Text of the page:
Re: MD Is Morality Relative?

Date: Sat Dec 04 2004 - 01:31:06 GMT

  • Next message: "Re: Ham; Re: MD Is Morality Relative?"

    Hello again, Platt --

    > > "Everything is Quality" is axiomatic. You can't deny it without
    > > it, for your denial will assert the quality of truth.
    > I don't follow your logic here, Platt. If I deny that everything is
    > Quality I am admitting it? How so?

    > Wouldn't you agree that your denial is true, and that truth is a value,
    > i.e., a moral quality?

    As I didn't mean "self-evident", axiomatic was obviously the wrong word.
    Aphorism, or possibly even cliche, would have been a more proper term. (You
    see, I don't put much stock in such sayings.)

    Here's a quote from Nathaniel Brandon's little paperback "Who is Ayn Rand?"
    which addresses the morality of her Objectivism. "If man chooses values
    that are consonant with the facts of reality and the needs of his own
    nature, these values will work in the service of his life. If he chooses
    values that are in contradiction to reality and to his nature, they will
    work for his own destruction. No man whose values were consistently
    irrational could continue to exist."

    It seems to me that this is pragmatism, pure and simple.
    I don't much care for it because 1) the "reality" inferred here is based on
    empirical objectivism -- Rand's metaphysical foundation, 2) I don't accept
    the view that values are rational, and 3) by defining morality as what is
    "consonant" and "consistent" with objective reality, it is restrictiveof
    individual freedom. Dagobert Runes, in fact, defines "objectivist ethics"
    as "...the view that ethical truths are not relative, that there are certain
    actions which are right and certain objects which are good for all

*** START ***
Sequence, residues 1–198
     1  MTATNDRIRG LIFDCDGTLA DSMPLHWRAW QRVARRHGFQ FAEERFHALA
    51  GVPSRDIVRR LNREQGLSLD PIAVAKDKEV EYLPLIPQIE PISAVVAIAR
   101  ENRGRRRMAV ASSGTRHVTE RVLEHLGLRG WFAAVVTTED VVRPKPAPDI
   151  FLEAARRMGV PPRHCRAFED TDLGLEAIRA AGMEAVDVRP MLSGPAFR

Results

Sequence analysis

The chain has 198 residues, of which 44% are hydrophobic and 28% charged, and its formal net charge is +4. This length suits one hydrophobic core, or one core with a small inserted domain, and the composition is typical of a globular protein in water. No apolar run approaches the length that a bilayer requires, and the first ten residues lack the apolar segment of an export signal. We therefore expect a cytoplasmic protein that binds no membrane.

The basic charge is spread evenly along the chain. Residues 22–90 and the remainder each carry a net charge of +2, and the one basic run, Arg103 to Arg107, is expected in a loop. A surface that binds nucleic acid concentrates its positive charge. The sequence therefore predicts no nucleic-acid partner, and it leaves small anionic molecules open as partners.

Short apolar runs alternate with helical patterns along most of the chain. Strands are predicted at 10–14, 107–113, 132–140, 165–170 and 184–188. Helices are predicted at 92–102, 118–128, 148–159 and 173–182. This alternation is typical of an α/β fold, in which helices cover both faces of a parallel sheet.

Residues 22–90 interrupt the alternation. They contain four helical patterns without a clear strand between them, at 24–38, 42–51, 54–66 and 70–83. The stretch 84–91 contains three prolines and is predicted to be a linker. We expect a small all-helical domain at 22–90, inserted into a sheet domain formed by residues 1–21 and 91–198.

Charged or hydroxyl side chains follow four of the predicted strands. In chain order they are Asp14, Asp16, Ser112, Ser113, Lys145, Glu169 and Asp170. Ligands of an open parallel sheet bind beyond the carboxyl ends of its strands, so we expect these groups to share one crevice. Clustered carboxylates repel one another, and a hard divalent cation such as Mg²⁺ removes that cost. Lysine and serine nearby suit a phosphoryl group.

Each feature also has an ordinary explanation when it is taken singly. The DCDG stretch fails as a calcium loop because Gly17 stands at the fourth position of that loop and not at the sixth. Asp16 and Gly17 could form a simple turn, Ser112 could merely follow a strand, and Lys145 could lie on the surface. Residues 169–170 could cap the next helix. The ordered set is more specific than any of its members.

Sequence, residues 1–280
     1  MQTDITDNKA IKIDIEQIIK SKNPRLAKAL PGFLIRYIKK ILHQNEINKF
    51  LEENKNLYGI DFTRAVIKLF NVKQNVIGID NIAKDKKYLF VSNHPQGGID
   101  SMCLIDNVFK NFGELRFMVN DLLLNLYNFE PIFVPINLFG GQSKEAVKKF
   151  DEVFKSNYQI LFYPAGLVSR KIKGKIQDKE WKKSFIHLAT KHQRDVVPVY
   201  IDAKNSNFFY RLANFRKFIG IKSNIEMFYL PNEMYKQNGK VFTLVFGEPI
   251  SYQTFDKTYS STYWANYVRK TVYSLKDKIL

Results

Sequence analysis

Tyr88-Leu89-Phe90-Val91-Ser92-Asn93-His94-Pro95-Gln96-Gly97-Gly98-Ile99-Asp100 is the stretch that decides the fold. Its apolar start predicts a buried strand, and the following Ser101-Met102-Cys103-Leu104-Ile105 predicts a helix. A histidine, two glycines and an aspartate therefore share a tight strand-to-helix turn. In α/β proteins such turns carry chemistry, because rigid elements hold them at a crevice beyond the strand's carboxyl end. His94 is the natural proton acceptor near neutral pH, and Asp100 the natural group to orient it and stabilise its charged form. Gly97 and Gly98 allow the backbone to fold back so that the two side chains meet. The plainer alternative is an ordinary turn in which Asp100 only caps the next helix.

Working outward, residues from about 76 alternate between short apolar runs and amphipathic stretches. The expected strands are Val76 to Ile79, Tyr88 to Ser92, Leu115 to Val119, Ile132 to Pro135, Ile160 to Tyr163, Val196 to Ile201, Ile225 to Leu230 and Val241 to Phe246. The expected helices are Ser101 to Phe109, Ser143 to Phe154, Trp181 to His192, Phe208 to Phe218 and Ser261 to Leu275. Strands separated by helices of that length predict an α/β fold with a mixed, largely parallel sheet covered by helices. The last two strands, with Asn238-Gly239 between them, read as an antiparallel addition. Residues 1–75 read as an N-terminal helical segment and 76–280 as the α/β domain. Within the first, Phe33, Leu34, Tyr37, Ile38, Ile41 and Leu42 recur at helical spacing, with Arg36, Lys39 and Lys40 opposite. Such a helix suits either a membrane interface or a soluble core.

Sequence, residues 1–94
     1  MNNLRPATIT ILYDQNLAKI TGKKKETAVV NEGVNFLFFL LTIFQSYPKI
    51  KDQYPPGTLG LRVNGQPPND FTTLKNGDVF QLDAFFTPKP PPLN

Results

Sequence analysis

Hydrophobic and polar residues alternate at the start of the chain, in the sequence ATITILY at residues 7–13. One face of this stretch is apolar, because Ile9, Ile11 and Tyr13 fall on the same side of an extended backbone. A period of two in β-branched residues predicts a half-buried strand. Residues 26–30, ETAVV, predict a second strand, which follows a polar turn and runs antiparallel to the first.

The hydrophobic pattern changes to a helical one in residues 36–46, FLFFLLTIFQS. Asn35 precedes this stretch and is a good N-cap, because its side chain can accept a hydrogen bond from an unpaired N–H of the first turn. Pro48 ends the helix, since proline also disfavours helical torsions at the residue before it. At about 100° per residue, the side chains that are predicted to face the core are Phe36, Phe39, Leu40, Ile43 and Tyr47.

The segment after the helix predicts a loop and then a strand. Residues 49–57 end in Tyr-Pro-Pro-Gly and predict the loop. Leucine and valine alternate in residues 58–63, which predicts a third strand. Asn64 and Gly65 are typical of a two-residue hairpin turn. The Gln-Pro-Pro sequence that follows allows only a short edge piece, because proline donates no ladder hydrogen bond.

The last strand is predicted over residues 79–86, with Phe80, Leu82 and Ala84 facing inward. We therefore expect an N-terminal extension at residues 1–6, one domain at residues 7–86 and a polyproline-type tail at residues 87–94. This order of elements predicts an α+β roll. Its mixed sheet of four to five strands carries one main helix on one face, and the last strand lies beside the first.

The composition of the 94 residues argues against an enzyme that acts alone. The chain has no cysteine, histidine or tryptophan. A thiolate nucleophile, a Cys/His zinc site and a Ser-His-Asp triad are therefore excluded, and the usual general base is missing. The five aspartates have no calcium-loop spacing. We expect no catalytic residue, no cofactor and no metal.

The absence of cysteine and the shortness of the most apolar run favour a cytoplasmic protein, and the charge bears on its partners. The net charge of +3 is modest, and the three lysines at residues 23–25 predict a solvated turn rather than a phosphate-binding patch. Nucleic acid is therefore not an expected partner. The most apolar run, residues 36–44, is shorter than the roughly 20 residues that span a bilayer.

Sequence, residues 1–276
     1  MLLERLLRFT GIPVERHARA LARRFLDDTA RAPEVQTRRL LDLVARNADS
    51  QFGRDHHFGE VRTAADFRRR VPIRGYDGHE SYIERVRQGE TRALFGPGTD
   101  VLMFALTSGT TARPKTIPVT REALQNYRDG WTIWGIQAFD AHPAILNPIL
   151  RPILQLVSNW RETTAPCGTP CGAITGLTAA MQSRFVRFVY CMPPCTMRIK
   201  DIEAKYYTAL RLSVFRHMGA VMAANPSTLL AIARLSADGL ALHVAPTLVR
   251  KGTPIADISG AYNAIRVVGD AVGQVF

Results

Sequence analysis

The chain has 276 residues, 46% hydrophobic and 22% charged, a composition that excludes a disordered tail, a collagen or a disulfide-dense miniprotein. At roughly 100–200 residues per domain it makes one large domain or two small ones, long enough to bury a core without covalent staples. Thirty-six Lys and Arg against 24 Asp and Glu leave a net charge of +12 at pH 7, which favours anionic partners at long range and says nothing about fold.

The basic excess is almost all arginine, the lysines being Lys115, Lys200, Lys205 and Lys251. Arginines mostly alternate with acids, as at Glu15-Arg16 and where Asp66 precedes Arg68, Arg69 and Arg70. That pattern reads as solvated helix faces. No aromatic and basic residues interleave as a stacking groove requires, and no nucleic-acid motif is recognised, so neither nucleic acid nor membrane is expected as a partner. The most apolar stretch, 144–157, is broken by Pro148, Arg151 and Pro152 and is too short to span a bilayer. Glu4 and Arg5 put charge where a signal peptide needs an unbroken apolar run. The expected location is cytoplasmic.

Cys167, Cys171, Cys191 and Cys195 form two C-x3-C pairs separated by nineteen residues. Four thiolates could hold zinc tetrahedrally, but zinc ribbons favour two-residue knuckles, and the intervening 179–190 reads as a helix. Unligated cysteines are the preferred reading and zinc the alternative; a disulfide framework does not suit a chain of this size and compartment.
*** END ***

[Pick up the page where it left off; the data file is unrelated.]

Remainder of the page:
individuals alike." I wonder if Pirsig has not done the same thing with the
    MoQ by tying it to empirical objectivism.

    > You assume morality applies only to relationships between people. Pirsig's
    > metaphysics is based on morality that applies to everything, and what's
    > more, is the driving force behind creation and evolution. By expanding
    > the common meaning of morality to include everything from atomic particles
    > to Rachmaniov's Third Piano Concerto, I think maybe he's got ahold of
    > something.

    The only connection I can see between morality and Rachmaninov's 3rd
    Concerto is that it would be immoral to attempt to play it without a very
    able pianist on the bench -- I would suggest resurrecting the late
    Sviatoslov Richter, whose recording I own. Platt, this insistence on
    attributing morality to biology, physics and arithmetic will be the death of
    me yet! Man may be constructed from many levels, but morality expresses
    man's values, not the laws of the universe. Are you aware of any other
    philosophers who have extended morality to non-human entities? I'm simply
    not able to make that connection, so I guess it's an area where we part

    > Maybe it would help to bring your philosophy and Pirsig's closer together
    > if we all could agree with him that Quality, morality and value all mean
    > the same thing, i.e. some things are better than others.

    Again, I would exclude morality from this trio. And Quality also, if -- and
    I'm still not clear on this -- it is meant to infer a primary source.
    Quality must be born of an absolute source in which attributes like
    "quality" do not (yet) exist. [Why I chose Essence as the Source.]

    > You probably are familiar with his "categorical
    > imperative" -- "Act only on the maxim whereby thou canst at the same time
    > will it should become universal law."

    Is this not the same as "Contextualism" which you defined for Steve? I see
    little real difference between Kant's moral imperative and the Golden Rule.
    Would you call either of these morality systems "absolutist"?


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